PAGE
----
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Science and mystery

The common illusion of an "absolutely real" within relativity breeds philosophical sophistries and in particular an empiricist and experimental science wishing to unveil the metaphysical mystery of Existence (1); those who seek to enclose the Universe within their shortsighted logic fail to be aware, at least in principle, that the sum of possible phenomenal knowledge is inexhaustible and that, consequently, present "scientific" information represents a naught beside our ignorance - in short that "there are more things in heaven and earth than are dreamt of in your philosophy" (Shakespeare) and that in order to extend our means of investigation to fit the scale of the total cosmos, we would have to begin by multiplying our human senses in mathematical progression, which brings us back to the unlimited, therefore to the inaccessible and the unknowable. [Treasures of Buddhism, p. 41-42].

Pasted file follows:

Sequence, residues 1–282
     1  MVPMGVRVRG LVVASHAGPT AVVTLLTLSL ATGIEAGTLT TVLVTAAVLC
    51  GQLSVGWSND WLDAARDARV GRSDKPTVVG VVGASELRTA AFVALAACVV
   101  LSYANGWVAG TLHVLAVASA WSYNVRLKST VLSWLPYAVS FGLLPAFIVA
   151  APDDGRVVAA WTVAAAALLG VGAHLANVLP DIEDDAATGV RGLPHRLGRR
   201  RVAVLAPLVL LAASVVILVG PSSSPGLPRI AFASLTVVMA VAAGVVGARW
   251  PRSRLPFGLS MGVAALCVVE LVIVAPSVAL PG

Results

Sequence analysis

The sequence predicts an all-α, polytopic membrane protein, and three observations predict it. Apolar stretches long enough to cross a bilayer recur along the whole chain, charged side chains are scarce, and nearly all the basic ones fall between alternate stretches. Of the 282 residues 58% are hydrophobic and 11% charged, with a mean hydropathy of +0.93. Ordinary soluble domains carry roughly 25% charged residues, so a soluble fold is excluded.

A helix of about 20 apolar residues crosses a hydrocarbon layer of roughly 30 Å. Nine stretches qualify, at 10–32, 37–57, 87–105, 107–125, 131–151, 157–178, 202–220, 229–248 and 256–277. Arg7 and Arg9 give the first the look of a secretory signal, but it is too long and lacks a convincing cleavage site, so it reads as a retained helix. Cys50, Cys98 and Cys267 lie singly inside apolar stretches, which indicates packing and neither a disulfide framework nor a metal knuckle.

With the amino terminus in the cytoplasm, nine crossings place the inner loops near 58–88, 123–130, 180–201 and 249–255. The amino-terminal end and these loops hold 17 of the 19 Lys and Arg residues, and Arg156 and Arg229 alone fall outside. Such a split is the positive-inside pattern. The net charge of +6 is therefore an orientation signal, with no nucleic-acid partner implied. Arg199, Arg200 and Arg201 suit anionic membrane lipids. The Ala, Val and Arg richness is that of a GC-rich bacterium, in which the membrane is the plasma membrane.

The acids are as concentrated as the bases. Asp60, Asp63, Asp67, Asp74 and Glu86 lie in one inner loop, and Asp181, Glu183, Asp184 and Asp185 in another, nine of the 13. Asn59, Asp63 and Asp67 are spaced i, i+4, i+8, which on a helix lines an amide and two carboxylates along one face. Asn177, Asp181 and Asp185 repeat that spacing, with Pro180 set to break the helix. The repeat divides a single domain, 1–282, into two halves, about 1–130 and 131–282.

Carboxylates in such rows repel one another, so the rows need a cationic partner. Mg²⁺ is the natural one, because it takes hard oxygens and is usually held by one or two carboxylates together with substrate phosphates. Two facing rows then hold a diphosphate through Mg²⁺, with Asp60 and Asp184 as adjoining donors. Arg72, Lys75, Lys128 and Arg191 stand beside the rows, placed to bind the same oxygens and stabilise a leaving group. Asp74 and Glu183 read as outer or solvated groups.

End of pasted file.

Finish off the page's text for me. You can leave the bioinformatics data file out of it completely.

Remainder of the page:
(1) With the aid of giant telescopes and electronic microscopes, if need be. Goethe, when he refuses to look through a microscope because he did not wish to wrench from Nature what she is unwilling to offer to our human senses, displayed a most just intuition of the limits of all natural science, and at the same time the limits of what is human.